read more →The Silent Film Gala is a big deal, and if you go next year (and I highly recommend that you do), get ready, because there’s about 20 minutes of introductions before the orchestra even enters the auditorium. In addition to thanking and honoring the many donors and board members who worked to put this event together (including event co-chair Hanna Kennedy, who’s been working tirelessly on Silent Film Galas since their inception), much was said this year about how the Silent Film Gala benefits and enriches the entire city. For some reason, this little morsel planted itself in my brain.

I’ll be honest and say that I got a little antsy during the pre-concert speeches. I appreciated Leonard Maltin providing cultural context regarding the films we’d be watching, but let’s get on with the show! Soon enough, the orchestra pit was filled with dozens of musicians, and conductor (and composer) Timothy Brock made his entrance.

“Kid Auto Races in Venice” is a short film that can’t be more than 15 minutes long. Brock had written an entirely new score for it that highlighted and showcased the laughs and captured the energy and spirit of the film, and it was a joy to watch (and listen to).

“Modern Times” is feature length (clocking in at just under 90 minutes), and if you’re not aware of the importance of this film, than stop what you’re doing and go read about it. (You can finish reading this blog post first.) (And after you’re done reading about it, go watch it – it’s available on YouTube and DVD.) The film is joyous to watch. It’s funny and smart, clever and nuanced, broad and specific. The musicians sounded wonderful, and with a story so engrossing, I actually forgot, at times, that they were there!

It was at some point during “Modern Times” that I was overtaken by a hunch. I suspected that Chaplin likely filmed this masterpiece all over Los Angeles. I did a little research when I got home, and my hunch was confirmed. The scenes at the harbor and shipyard were filmed at the port and in San Pedro. The department store exteriors were at Sunset and Vine in the heart of Hollywood. A sequence where the Tramp and the Gamin escape the cops was filmed in Santa Monica. The dream house where the Tramp and the Gamin imagine their perfect life was in the valley, near Universal City. And the final scene, where the Tramp and the Gamin walk towards the horizon to begin a new life, was filmed on a stretch of the Sierra Highway beyond Santa Clarita, outside a little town called Acton.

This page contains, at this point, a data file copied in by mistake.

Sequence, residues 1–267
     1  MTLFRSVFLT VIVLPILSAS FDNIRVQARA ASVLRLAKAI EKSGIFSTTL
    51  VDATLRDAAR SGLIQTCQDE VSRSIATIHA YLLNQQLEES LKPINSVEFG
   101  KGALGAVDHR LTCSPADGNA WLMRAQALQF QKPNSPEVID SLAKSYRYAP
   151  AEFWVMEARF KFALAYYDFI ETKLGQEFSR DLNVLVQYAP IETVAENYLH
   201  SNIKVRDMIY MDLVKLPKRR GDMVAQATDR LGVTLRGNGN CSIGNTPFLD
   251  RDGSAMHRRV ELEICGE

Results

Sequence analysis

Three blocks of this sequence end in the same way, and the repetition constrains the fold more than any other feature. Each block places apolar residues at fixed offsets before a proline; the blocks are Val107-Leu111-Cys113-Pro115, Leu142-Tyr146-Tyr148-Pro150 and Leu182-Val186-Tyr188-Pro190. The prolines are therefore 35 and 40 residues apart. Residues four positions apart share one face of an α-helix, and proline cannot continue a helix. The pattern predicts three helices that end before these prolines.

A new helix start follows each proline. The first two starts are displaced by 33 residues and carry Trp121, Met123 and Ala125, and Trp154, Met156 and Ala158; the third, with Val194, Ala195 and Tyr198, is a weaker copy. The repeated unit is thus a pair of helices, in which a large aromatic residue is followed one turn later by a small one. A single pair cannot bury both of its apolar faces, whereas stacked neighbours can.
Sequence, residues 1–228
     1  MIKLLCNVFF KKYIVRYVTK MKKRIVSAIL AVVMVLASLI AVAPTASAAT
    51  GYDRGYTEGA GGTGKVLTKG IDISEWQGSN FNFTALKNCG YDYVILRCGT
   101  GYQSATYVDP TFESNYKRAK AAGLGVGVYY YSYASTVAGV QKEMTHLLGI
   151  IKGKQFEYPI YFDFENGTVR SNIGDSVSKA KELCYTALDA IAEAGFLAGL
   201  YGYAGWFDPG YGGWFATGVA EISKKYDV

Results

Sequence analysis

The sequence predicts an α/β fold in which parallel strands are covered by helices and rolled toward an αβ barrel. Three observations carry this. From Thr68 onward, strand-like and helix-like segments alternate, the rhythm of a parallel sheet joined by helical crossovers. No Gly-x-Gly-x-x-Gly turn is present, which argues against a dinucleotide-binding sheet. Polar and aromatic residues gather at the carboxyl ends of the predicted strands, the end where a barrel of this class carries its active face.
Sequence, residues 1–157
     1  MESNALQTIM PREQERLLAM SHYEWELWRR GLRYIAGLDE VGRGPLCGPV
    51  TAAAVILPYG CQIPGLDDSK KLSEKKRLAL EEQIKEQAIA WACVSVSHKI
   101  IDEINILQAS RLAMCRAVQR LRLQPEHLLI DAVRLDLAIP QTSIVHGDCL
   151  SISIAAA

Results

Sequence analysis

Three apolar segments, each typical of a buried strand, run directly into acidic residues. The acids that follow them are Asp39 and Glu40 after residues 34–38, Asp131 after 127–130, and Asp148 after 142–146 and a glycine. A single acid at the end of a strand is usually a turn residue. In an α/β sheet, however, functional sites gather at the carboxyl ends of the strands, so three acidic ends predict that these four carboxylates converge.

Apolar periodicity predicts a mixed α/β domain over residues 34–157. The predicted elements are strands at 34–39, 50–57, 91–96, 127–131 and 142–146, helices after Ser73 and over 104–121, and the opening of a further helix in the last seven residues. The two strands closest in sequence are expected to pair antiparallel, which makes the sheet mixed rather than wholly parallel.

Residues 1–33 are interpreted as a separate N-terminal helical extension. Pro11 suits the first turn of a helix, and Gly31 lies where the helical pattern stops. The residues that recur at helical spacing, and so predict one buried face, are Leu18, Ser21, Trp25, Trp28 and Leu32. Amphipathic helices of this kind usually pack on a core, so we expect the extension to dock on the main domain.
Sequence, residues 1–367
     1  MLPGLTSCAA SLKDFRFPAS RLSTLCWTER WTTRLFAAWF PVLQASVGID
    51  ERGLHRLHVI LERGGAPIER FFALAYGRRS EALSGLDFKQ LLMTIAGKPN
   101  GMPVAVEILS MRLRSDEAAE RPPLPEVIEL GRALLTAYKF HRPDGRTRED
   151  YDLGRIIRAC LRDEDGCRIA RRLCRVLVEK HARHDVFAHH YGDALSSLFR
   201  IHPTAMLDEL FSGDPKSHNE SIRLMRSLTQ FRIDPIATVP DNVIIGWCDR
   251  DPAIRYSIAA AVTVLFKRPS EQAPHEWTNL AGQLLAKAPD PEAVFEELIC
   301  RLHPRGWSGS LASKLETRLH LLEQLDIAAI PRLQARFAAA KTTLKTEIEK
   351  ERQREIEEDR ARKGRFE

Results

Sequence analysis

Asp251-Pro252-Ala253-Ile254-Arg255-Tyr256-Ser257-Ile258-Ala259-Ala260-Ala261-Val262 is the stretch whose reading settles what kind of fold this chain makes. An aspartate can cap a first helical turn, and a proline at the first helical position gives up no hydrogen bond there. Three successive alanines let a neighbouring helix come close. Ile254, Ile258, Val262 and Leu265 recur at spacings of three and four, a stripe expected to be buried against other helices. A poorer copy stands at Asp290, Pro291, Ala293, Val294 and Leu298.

I found it fitting that during this milestone year for the Silent Film Gala, a film that embraced a variety of Los Angeles locales was chosen, because that’s exactly what LACOdoes. One of LACO’s slogans says that they “bring great music to life,” and that idea could be expanded upon to include the fact that, chances are, they also bring that great music to you, no matter where you live. Their orchestral series is performed both in Glendale and Westwood. They do an annual event in Pasadena, and smaller concert series downtown and in Santa Monica. You’re never too far from a LACO venue, just like you’re never too far from a “Modern Times” location. I’ve attendedLACO concerts at most of these venues, and I get a kick out of visiting new-to-me neighborhoods and seeing what’s around. Now, thanks to Sunday’s Silent Film Gala, I have a new goal:

I enjoy exercise, but sometimes I need external motivation to get me on my feet. One of the things I love to do is go and work out in places featured in classic films. I’ve run two 10k races through the backlots at Universal Studios, and ran the public stairways featured in classic Three Stooges and Laurel and Hardy comedies. Next on the to-do list? I’m going to run down Sierra Highway, along the same stretch of road that Charlie Chaplin walked almost 80 years ago. I enjoy feeling connected to my surroundings, and if I have a good workout in a location immortalized in a classic film, well… that will be a greatday.

So thank you, LACO. Thank you for a beautiful evening. Thank you for making me think about the city around me. And thank you for inspiring me to take another healthy step. It’ll probably end up being hundreds of steps along the Sierra Highway’s shoulders, but who’s counting?

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charlie chaplin’s modern times